Sanofi SA’s (SNY) $3.2 billion acquisition of Translate Bio Inc. was a classic healthcare deal, said Krishna Veeraraghavan, a partner at Paul, Weiss, Rifkind, Wharton & Garrison LLP who advised the target on the deal.
Translate has cutting edge mRNA vaccine technology, while Sanofi “has a huge vaccine machine, in particular for the flu,” Veeraraghavan said. “This is a transaction where you have Translate Bio giving its technology, which is excellent, to a bigger company which has the ability to take it to the next level.”
Years ago, he said, “Big pharma made a decision that they were not effective at doing R&D. That has been outsourced to biotech companies,” an arrangement that has worked well for investors, companies and consumers. Increased skepticism of M&A in Washington and a greater willingness on the part of regulators to challenge deals risks discouraging innovation in the pharma and biotech sector, said Veereraghavan, who does a lot of work in the space.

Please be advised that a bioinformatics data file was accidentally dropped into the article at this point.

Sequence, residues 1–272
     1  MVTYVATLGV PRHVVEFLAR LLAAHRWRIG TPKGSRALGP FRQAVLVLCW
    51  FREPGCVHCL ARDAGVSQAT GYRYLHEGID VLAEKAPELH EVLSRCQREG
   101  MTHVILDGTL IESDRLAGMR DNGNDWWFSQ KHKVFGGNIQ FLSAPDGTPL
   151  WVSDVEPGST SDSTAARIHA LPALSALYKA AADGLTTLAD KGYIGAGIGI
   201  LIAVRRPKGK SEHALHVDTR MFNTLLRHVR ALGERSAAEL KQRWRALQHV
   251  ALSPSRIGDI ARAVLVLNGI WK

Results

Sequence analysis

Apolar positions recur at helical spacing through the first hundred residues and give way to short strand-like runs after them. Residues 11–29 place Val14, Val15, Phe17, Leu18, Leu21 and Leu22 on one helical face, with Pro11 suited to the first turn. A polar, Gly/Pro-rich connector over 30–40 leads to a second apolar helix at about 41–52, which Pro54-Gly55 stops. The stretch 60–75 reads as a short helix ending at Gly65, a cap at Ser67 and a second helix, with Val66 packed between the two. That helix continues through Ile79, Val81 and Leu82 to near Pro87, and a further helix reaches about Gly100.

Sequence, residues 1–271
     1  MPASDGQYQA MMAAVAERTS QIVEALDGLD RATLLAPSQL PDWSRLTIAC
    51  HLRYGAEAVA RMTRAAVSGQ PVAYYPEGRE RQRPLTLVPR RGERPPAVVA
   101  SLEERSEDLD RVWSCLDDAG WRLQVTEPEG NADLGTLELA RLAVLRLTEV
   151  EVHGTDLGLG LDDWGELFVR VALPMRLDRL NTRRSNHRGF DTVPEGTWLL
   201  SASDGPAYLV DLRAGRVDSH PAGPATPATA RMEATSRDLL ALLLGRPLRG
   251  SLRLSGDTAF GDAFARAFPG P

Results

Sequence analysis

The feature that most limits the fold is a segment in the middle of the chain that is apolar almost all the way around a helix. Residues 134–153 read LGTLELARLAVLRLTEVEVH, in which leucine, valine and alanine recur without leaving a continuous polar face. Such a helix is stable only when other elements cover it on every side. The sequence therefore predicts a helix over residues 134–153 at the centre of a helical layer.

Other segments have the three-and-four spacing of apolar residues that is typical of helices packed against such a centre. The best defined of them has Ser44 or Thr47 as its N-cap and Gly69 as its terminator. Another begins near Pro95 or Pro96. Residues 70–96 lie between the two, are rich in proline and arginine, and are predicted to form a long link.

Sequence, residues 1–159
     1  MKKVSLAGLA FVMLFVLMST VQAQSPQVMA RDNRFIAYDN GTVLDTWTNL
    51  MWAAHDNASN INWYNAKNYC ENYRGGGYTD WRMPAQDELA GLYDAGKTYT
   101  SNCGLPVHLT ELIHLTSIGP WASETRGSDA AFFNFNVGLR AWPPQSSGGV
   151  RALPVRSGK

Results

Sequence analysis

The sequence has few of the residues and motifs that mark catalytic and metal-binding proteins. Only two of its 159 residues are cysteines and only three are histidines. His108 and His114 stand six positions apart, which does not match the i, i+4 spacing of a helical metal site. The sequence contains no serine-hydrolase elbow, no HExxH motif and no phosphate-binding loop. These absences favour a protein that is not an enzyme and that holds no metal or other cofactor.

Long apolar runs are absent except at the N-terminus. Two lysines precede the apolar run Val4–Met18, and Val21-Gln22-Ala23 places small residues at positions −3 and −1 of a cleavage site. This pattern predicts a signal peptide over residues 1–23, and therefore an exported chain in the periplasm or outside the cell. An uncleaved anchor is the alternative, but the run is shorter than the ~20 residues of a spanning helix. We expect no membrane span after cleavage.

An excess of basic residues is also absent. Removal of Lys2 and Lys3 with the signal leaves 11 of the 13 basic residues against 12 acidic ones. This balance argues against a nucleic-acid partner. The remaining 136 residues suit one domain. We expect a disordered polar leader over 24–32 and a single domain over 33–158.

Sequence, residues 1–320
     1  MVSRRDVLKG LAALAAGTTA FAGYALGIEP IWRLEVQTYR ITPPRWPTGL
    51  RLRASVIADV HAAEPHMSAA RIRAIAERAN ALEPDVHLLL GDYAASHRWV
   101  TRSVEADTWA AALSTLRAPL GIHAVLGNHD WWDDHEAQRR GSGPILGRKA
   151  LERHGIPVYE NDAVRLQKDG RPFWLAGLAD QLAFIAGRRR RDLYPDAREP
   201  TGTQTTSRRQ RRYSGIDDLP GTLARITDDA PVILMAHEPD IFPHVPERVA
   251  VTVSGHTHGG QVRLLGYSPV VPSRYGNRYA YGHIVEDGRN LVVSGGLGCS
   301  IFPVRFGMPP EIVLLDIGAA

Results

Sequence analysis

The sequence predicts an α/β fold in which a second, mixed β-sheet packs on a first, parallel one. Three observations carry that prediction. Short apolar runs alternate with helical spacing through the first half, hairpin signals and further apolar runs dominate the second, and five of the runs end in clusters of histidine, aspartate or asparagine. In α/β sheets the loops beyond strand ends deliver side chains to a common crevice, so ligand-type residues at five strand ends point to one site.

“These deals are critical to bringing the smaller company’s product to the public,” he said. “Moderna was able to do it themselves, but they are the exception. To bar these transactions discourages innovation on the biotech side.” Historically, he said, regulators have realized that M&A is essential for the commercialization of useful drugs. “The deals that have happened have been helpful for patients.”
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